Tag Archives: Alpnames

Defunct AlpNames Had History As A Home For Phishing

The now defunct AlpNames, who had its Registrar Accreditation Agreement terminated by ICANN this week after the discounted registrar appears to have disappeared, has a history of being a home to spammers and scammers.

In a letter from the Independent Compliance Working Party to ICANN by a number of technology companies in February 2018 it was claimed there was a problem with ‘one particular party’: AlpNames. AlpNames it was claimed, among other problems, was responsible for over half the “new gTLD domains that have been blacklisted by Spamhaus.”

The members of the Independent Compliance Working Party, Adobe Systems, DomainTools, eBay, Facebook, Microsoft and Time Warner, asked ICANN to resolve problems they identified, with AlpNames the only registrar named.

“Troublingly”, the letter notes, “there also is a clear problem with one particular contracted party:

We find distinctive common patterns in domain name registration further suggesting malicious registrations. For example, we find 9,376 .link domains of which 9,256 were created in the first quarter of 2016 and 9,253 were registered with Alpnames Limited registrar.

  • …for 37.09% of the abused new gTLD domains reported by StopBadware, the sponsoring registrar is located in Gibraltar. Almost 195 abused new gTLD domains per 10,000 located in Gibraltar are abusive. (Note: Alpnames is located in Gibraltar.)
  • …we find that the abuse is driven by a single registrar: Alpnames Limited. For example, during the study period this registrar has acted as the sponsoring registrar for 53.97% (59,044) of the new gTLD domains that have been blacklisted by Spamhaus.
  • … one registrar, Alpnames Limited, having a high volume of abusive new gTLD domains reported by both Spamhaus and SURBL.”

The letter also notes there are problems with various generic top level domains, both legacy (in particular .com although it does have 137.3 million domain names, ten times the size of the next biggest gTLD, .net, with 13.7 million).

“Additionally, according to the [Statistical Analysis of DNS Abuse in gTLDs (SADAG)] report:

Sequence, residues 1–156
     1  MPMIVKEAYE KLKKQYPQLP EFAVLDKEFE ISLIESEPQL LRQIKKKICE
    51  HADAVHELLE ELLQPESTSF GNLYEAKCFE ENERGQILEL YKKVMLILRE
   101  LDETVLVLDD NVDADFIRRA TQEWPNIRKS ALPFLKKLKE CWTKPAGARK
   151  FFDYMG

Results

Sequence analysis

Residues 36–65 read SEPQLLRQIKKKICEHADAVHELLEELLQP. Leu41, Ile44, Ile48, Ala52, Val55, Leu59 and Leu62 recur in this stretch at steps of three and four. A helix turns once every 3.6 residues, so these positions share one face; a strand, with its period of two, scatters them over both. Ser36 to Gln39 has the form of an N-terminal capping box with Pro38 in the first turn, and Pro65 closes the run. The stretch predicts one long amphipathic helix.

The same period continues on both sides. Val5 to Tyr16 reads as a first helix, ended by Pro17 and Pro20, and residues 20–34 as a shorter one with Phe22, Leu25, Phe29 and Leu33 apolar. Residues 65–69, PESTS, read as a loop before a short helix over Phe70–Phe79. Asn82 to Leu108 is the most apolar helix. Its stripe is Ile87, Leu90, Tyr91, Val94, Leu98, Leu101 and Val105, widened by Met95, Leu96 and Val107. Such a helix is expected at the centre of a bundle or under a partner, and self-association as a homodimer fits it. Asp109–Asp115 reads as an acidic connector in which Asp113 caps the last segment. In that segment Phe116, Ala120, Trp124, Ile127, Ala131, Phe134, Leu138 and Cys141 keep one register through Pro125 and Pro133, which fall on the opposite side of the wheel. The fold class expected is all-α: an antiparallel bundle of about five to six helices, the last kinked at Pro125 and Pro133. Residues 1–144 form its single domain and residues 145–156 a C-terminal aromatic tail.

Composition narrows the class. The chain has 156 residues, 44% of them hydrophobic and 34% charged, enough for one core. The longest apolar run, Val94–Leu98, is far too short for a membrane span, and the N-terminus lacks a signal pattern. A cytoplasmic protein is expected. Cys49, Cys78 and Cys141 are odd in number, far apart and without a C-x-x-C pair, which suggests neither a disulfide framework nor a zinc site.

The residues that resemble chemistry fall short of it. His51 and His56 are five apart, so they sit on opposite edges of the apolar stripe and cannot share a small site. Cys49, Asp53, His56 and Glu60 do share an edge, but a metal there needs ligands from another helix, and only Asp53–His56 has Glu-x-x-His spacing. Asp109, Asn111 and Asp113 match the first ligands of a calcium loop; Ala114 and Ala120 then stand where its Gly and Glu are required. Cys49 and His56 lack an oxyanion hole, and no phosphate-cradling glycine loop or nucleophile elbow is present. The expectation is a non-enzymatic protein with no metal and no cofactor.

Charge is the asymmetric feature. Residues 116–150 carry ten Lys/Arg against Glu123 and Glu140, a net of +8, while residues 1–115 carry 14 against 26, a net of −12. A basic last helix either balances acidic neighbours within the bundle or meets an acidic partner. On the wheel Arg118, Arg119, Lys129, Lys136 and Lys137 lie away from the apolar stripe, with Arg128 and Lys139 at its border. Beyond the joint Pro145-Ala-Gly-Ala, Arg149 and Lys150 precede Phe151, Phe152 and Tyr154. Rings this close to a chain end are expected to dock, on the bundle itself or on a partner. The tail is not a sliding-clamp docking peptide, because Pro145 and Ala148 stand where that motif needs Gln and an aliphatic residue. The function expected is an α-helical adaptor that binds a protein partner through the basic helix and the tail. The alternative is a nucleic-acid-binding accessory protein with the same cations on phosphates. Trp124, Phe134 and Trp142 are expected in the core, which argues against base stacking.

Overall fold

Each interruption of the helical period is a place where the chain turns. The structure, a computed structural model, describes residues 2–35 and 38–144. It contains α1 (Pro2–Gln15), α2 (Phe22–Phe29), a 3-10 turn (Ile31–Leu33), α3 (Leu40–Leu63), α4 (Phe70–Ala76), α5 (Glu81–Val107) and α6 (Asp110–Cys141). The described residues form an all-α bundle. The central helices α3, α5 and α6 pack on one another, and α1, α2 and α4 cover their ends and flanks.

The number of abused phishing domains in legacy gTLDs is mainly driven by the .com gTLD and at the end of 2016 represents 82.5% (15,795 of 19,157) of all abused legacy gTLD domains considered in this study.

  • …the five new gTLDs suffering from the highest concentrations of domain names used in phishing attacks listed on the APWG domain blacklist in the last quarter of 2016 collectively owned 58.7% of all blacklisted domains in all new gTLDs.
  • …we observe as many as 182 and 111 abused .work and .xyz domains, respectively. The results indicate that the majority of .work domains were registered by the same person. 150 domains were registered on the same day using the same registrant information, the same registrar, and the domain names were composed of similar strings. Note that only 150 abused domains, blacklisted in the third quarter of 2015, influenced the security reputation of all new gTLDs.
  • …the overwhelming majority of malware domains, which were categorized as compromised, belong to one of four new gTLDs: .win, .loan, .top, and .link (77.1%, which represents 19,261 out of 24,987 domains).”

There are also “regrettably stark increases and serious concentrations of abuse across legacy and new gTLDs, registries and registrars, and in the proliferation of spam, malware, phishing and other harms. For example, according to the Domain Abuse Activity Reporting (DAAR) System report:

  • the 25 most exploited TLDs account for 95% of the abuse complaints submitted to DAAR.
  • Five TLDs alone are responsible for more than half of abuse complaints.

The letter says “You’ll agree these are troublesome statistics, and are antithetical to a secure and stable DNS administered by ICANN.”